Here is a collection of resources that will help you learn more about various concepts and skills covered in the class. Learning by reading is a key part of being a well rounded data scientist. We will not assign mandatory reading but instead encourage you to look at these and other materials. If you find something helpful, post it on EdStem, and consider contributing it to the course website.
- Supplementary Course Notes
- Optional Supplementary Textbook
- Exam Resources
- Course Website
- Coding and Mathematics Resources
- Wellness Resources
- Data Science Education
- Local Setup (Old)
Supplementary Course Notes
Alongside each lecture are supplementary Course Notes.
Lecture notes will be updated on a weekly basis, prior to the lecture. If you spot any errors or would like to suggest any changes, please email us at firstname.lastname@example.org.
Optional Supplementary Textbook
Alongside each lecture are optional textbook readings to the Data 100 textbook, Principles and Techniques of Data Science. Textbook readings are purely supplementary, and may contain material that is not in scope (and may also not be comprehensive).
We will be posting all lecture materials on the course syllabus. In addition, they will also be listed in the following publicly visible Github Repo.
Coding and Mathematics Resources
- DS100 Textbook Pandas Reference Table
- Pandas API Reference
- The Pandas Cookbook: This provides a nice overview of some of the basic Pandas functions. However, it is slightly out of date.
- Learn Pandas A set of lessons providing an overview of the Pandas library.
- Python for Data Science Another set of notebook demonstrating Pandas functionality.
- We’ve assembled some SQL Review Slides to help you brush up on SQL.
- We’ve also compiled a list of SQL practice problems, which can be found here, along with their solutions.
- This SQL Cheat Sheet is an awesome resource that was created by Luke Harrison, a former Data 100 student.
- Regex101.com. Remember to select the Python flavour of Regex!
- DS100 Reference Sheet
- We’ve organized some regular expressions(regex) problems to help you get extra practice on regex in a notebook format. They can be found here, along with their solutions.
- The official Python3 regex guide is good: link
Other Web References
As a data scientist you will often need to search for information on various libraries and tools. In this class we will be using several key python libraries. Here are their documentation pages:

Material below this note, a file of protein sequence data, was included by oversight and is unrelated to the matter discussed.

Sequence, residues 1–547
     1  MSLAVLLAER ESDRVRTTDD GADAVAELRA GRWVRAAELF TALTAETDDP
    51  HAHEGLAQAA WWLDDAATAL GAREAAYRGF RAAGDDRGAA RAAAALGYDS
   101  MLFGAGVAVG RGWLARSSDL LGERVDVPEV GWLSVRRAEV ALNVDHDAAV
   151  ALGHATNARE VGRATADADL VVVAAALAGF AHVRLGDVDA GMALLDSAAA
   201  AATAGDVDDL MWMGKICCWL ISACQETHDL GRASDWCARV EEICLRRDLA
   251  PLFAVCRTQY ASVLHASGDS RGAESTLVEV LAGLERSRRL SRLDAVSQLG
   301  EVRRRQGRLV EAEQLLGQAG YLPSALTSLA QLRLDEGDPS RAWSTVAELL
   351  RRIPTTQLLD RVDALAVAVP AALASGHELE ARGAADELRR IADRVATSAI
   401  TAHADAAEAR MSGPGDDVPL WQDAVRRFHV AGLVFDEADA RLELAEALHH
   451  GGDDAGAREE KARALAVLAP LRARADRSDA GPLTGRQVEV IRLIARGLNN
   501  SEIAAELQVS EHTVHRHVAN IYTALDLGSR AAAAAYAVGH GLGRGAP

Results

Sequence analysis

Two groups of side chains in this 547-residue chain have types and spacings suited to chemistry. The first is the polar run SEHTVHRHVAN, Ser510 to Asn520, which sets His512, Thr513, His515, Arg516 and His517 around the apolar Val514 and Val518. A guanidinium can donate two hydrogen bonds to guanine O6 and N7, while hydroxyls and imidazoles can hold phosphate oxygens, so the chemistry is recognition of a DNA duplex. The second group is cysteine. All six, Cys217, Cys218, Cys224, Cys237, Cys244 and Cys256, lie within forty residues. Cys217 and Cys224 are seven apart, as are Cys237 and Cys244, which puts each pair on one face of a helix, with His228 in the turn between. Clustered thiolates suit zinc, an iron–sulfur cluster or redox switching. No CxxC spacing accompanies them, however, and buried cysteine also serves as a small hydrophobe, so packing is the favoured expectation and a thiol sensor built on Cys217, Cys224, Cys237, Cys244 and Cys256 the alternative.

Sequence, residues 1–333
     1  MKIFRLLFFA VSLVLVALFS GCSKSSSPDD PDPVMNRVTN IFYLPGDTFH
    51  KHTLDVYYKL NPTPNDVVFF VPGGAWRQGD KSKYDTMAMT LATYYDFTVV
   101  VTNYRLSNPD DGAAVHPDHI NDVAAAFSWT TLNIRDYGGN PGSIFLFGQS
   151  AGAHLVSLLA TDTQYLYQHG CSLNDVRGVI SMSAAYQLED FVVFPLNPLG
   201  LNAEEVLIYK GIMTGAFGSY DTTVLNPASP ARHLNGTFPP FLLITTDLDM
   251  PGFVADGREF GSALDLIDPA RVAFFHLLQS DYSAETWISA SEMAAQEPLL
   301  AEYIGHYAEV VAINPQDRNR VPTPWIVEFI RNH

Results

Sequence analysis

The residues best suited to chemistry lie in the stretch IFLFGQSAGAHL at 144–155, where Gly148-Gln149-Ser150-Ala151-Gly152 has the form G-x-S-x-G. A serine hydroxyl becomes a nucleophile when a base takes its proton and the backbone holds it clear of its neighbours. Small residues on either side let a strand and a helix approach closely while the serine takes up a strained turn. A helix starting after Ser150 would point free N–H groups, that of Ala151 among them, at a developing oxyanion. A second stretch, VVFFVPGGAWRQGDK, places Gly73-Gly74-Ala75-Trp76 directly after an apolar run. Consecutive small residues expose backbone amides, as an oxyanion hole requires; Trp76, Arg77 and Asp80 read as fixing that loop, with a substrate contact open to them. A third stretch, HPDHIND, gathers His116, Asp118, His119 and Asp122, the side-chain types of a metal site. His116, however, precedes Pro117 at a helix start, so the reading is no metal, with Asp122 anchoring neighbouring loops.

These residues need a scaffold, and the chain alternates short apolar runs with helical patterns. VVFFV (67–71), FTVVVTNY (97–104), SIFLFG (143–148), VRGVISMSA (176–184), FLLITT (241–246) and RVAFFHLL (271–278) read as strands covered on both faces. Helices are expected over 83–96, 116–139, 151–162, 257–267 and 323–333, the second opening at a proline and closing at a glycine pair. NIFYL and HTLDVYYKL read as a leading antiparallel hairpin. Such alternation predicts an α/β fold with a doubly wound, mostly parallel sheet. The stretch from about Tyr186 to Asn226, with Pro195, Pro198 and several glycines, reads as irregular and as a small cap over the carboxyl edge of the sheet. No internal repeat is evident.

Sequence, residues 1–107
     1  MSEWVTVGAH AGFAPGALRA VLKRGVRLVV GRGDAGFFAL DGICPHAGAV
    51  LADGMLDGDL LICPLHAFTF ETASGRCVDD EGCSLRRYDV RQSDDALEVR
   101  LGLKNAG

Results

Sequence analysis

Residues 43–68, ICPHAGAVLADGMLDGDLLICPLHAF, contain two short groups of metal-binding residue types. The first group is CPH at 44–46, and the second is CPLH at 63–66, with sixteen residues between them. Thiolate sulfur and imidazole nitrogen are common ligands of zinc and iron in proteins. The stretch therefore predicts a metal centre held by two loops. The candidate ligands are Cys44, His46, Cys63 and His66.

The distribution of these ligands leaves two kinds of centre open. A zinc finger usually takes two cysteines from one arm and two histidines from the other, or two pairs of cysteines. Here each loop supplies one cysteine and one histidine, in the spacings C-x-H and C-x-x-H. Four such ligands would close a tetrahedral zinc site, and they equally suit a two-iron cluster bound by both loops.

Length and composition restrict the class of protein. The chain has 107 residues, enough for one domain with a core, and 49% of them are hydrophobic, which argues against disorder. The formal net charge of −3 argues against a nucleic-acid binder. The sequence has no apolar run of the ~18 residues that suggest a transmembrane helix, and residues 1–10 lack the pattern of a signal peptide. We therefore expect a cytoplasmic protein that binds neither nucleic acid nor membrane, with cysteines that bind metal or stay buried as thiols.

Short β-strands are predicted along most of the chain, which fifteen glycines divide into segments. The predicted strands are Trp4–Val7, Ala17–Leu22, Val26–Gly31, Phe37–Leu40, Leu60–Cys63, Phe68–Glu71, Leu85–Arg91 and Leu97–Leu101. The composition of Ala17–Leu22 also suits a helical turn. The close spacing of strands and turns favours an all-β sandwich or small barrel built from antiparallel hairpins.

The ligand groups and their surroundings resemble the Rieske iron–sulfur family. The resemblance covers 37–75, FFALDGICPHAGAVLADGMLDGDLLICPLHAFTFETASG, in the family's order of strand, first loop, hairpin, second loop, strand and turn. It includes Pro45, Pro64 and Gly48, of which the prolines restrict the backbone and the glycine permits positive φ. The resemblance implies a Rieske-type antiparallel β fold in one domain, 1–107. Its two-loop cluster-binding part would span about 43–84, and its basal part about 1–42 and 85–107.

- DS100 Textbook scikit-learn Reference Table
- Python Tutorial: Teach yourself python. This is a pretty comprehensive tutorial.
- Python + Numpy Tutorial this tutorial provides a great overview of a lot of the functionality we will be using in DS100.
- Python 101: A notebook demonstrating a lot of python functionality with some (minimal explanation).
- Data Visualization:
- DS100 Textbook Seaborn Reference Table and Matplotlib Reference Table
- matplotlib.pyplot tutorial: This short tutorial provides an overview of the basic plotting utilities we will be using.
- Pandas Tutor.
- Kernel Density Visualization.
- Altair Documentation: Altair(Vega-Lite) is a new and powerful visualization library. We might not get to teach it this semester, but you should check it out if you are interested in pursuing visualization deeper. In particular, you should find the example gallery helpful.
- Prof. Jeff Heer’s Visualization Curriculum: This repository contains a series of Python-based Jupyter notebooks that teaches data visualization using Vega-Lite and Altair.
- If you are interested in learning more about data visualization, you can find more materials in:
Calculus and Linear Algebra
Note: None of these resources are meant to be a substitute for the appropriate requirement / co-requisite (Math 54, etc.). If you have no familiarity whatsoever with either of these topics, these may not be adequate and we strongly recommend spending time covering the prerequisite material yourself. We will assume that you have prior knowledge of these requirements and that these resources are simply to refresh your memory of concepts that you have previously learned. Please reach out to staff if you have any questions or concerns about this.